The Layover is a comedy directed by William H. Macy (who is best known as an actor for Fargo and Shameless); written by David Hornsby and Lance Krall who have worked together in It’s Always Sunny in Philadelphia. The Layover tells the story of two best friends; one is Meg, played by Kate Upton (The Other Woman, The Disaster Artist), and the other one is Kate, played by Alexandra Daddario (San Andreas, Baywatch). They go on a trip to Florida but their flight is redirected due to a hurricane. They meet a handsome man on the flight and begin to compete for his affections.
The Layover begins as a promising comedy, but it quickly turns into clichés and situations we have already seen in many movies of the like where two women compete against each other for the attention of a man. Besides lacking originality, the life-long friendship between Meg and Kate is not believable. How do two friends who also live in the same apartment and have shared uncountable experiences together suddenly become enemies to gain the attention of a man they just met on a flight? You could say it might have been because of their obsession with the reality show The Bachelor, but even so, they took that competitiveness too far. Maybe if the gags and situations had been funnier, the absurdity of it all would not have been an issue. The problem is that most jokes have been used in so many comedies, and for that reason we knew what to expect; they were not over the top or witty enough to make them stand up on their own.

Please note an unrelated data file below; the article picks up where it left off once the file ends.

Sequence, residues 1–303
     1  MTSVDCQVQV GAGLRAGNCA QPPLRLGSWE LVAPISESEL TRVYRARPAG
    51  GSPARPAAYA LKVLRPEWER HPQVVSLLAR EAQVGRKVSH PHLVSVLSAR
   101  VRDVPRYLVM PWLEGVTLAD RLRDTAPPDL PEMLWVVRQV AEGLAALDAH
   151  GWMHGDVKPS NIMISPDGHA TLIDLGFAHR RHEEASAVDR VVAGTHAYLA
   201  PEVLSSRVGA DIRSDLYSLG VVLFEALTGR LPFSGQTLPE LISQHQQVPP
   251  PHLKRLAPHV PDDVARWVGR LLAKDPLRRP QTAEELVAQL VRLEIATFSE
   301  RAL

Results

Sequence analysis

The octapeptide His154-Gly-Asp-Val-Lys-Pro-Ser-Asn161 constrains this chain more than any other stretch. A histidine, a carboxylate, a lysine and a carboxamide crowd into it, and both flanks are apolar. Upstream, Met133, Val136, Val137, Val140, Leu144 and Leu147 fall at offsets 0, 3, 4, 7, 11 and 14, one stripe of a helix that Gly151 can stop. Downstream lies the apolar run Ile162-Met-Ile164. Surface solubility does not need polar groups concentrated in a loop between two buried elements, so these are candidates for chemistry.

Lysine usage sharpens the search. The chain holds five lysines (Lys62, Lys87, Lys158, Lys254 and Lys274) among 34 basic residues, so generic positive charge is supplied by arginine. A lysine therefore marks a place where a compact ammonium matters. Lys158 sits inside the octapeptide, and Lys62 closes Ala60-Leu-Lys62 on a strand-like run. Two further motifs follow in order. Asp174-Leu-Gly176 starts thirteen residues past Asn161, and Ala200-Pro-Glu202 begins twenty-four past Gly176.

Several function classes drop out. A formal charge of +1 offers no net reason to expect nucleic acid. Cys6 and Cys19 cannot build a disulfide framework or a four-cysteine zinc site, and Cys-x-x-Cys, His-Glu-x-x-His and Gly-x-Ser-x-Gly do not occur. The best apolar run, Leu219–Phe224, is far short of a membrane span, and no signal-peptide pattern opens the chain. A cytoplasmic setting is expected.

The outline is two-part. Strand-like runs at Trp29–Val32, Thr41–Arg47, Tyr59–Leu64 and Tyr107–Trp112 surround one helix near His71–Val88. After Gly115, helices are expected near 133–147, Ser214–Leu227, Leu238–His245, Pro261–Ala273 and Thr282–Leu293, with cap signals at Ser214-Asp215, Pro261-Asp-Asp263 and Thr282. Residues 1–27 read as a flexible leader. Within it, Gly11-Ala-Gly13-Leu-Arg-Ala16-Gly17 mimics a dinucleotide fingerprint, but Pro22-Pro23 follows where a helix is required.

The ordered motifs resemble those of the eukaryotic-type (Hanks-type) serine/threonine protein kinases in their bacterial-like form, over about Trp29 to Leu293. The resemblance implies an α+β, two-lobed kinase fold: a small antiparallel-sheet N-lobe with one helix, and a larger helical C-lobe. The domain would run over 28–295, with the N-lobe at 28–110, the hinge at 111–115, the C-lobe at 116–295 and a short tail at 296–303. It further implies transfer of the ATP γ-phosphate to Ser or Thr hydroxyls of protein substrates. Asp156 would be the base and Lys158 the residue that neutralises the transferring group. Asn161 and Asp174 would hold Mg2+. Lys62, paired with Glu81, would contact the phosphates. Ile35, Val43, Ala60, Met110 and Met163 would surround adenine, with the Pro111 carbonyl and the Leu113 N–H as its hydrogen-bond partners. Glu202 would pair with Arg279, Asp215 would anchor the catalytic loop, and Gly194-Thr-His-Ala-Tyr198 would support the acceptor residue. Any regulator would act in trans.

It is hard to believe that William H. Macy directed it. We’ve seen him as an accomplished actor, especially in Fargo (1996) for which he was nominated for an Academy Award; he has also been nominated for multiples Golden Globes and Emmy Awards, winning an Emmy in 2002 for Door to Door as a writer. Could it be that directing isn’t his forte? The acting felt forced, particularly by the two lead actresses, and there wasn’t any cinematographic innovation as whole. Hopefully Macy just needs more experience behind the camera and to get involved in better screenplays and projects, because the biggest flaw in this film was that: the story; so there wasn’t much any director could do with it.
The ending although somewhat predictable had a little plot twist, but not even that could save The Layover from being another forgettable comedy where you get a few semi-laughs accompanied with a lot of irrelevance.